Michael Cox, a former Boston police officer who was beaten by colleagues who mistook him for a suspect in a fatal shooting will be Boston’s next police commissioner
— BreezyScroll (@BreezyScroll) July 13, 2022
Cox, 57, a Roxbury native, served in multiple roles with the Boston Police Department before becoming the police chief in Ann Arbor, Michigan, in 2019. He is expected to take over in Boston next month.
According to Cox, his appointment is an “emotional moment” for him. He committed to working to diversify the police force, which critics have long claimed does not adequately reflect the city it serves, and to ensure that officers feel encouraged to perform their duties to safeguard the community.
“I think this is a very exciting time. I think the officers need someone to support them,” Cox told reporters Wednesday. “And I’m going to their biggest cheerleader.”..
— Mayor Michelle Wu ?? (@MayorWu) July 13, 2022
New: Michael Cox, who 30 years ago was beaten by his fellow Boston Police officers while working undercover in the department’s gang unit, will return to Boston to lead the department as commissioner. https://t.co/yKPRBqjUw8
— Cynthia Needham (@CynthiaNeedham) July 13, 2022
Michael Cox, then a young member of the Boston police gang unit, was beaten unconscious in 1995 by fellow officers who mistook him for a murder suspect. For years, the department tried to cover it up, with nearly two dozen officers denying they saw the attack at all.
On Wednesday, Cox was named Boston’s next police commissioner, a triumphant return that will call on him to transform the department that wronged him decades ago.
Cox, 57, worked for the Boston police for 30 years before becoming chief of the Ann Arbor Police Department in Michigan in 2019 and arrives back at a pivotal moment for the department, which faces widespread calls for reform from community leaders, activists, and Mayor Michelle Wu herself. He will be the department’s third Black commissioner when he begins on Aug. 15, and will immediately confront the challenge of instituting reforms while maintaining the good will of a 1,600-strong force known for resisting change…
Larry Calderone, president of the Boston Police Patrolmen’s Association, also celebrated Cox’s return, saying he “has a working understanding and intimate knowledge of the changes needed to better the BPD.”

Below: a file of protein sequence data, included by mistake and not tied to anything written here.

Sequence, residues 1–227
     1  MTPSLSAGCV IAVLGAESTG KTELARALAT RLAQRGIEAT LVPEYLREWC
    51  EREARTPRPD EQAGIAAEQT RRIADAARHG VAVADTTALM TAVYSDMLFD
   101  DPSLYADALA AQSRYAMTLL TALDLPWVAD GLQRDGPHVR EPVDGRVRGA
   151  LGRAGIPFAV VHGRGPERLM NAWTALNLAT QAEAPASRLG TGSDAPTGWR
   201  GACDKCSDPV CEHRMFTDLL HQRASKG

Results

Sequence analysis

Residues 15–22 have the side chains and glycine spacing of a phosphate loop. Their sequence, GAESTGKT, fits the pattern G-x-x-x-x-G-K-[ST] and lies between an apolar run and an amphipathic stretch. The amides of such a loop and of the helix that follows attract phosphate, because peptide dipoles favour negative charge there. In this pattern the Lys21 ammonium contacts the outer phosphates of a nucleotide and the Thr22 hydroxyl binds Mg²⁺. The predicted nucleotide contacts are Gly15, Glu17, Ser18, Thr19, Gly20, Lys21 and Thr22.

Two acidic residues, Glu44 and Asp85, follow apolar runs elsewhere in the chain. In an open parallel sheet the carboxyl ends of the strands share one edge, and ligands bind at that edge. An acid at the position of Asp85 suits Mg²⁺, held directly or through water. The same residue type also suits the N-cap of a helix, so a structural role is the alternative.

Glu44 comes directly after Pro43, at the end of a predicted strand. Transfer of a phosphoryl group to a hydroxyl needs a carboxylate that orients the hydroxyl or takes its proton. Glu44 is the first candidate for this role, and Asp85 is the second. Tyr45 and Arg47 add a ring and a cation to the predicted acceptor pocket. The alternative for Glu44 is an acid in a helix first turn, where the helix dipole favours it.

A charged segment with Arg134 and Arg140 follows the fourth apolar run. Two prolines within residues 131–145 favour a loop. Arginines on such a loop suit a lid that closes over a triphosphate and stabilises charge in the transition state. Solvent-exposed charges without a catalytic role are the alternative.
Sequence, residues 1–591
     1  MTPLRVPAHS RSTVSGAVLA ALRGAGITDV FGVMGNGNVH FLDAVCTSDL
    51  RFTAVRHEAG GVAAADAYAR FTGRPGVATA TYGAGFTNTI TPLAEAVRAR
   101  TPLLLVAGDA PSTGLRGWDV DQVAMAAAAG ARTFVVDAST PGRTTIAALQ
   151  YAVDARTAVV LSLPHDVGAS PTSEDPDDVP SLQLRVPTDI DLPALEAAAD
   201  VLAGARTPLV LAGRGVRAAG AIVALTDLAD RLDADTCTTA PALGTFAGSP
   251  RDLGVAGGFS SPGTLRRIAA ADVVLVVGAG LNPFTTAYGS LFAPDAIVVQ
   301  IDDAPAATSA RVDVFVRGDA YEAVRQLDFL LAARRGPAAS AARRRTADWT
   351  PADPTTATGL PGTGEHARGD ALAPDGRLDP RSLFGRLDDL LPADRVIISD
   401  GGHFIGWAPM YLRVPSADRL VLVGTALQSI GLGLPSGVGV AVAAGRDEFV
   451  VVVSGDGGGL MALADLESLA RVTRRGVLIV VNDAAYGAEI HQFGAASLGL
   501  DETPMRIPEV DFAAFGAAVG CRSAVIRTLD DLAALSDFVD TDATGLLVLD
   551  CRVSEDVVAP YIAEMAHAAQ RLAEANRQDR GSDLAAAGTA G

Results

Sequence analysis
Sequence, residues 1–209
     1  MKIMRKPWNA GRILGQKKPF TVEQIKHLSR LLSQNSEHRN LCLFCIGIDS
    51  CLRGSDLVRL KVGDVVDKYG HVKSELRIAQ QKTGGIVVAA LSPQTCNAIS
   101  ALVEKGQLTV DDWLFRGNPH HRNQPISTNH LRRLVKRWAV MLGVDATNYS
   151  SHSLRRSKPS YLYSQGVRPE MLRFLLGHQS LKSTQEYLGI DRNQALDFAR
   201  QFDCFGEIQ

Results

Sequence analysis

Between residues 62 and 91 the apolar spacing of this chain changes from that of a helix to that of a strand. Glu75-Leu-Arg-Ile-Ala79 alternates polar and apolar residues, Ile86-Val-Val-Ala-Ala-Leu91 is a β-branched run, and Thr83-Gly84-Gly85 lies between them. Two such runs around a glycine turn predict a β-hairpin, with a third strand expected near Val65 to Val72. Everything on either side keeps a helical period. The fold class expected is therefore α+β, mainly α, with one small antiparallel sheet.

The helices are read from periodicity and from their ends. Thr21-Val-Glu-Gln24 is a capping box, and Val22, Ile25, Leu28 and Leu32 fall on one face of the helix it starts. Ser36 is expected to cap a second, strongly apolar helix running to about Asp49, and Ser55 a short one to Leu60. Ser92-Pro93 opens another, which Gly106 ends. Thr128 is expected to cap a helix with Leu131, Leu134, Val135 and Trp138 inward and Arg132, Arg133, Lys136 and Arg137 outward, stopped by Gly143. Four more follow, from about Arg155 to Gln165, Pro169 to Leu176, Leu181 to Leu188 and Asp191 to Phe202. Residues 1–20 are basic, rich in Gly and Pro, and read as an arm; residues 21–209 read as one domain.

Such support from law enforcement marks a striking reversal from what happened decades ago after the mistaken police attacks on Cox. Back then, the union sided with the officers who had beaten him as department officials worked to cover up the incident, and the city dragged its feet on an apology while fighting tooth and nail for a low settlement.
Stephen A. Roach, one of the Boston attorneys who represented Cox during his years of litigation against the city, the department, and the officers who beat him, said the city had made a “very, very intelligent decision” in tapping Cox.
“My feeling is if this hadn’t happened to him originally, he probably would have been a commissioner before this,” he said. During the many years of litigation, he learned that Cox was widely respected inside the department, and even by some of the people he arrested. The man Cox was chasing when he was attacked, Robert Brown, was acquitted of charges connected to the Roxbury murder and testified on Cox’s behalf during the federal civil rights trial, Roach said…
“The men and women of the Boston Police Department will step up, both civilian and sworn, to make sure that we serve the public well in this city,” [Cox] said. “[I’m] going to support you to death . . . but the reality is we are going to do some things in a different way.”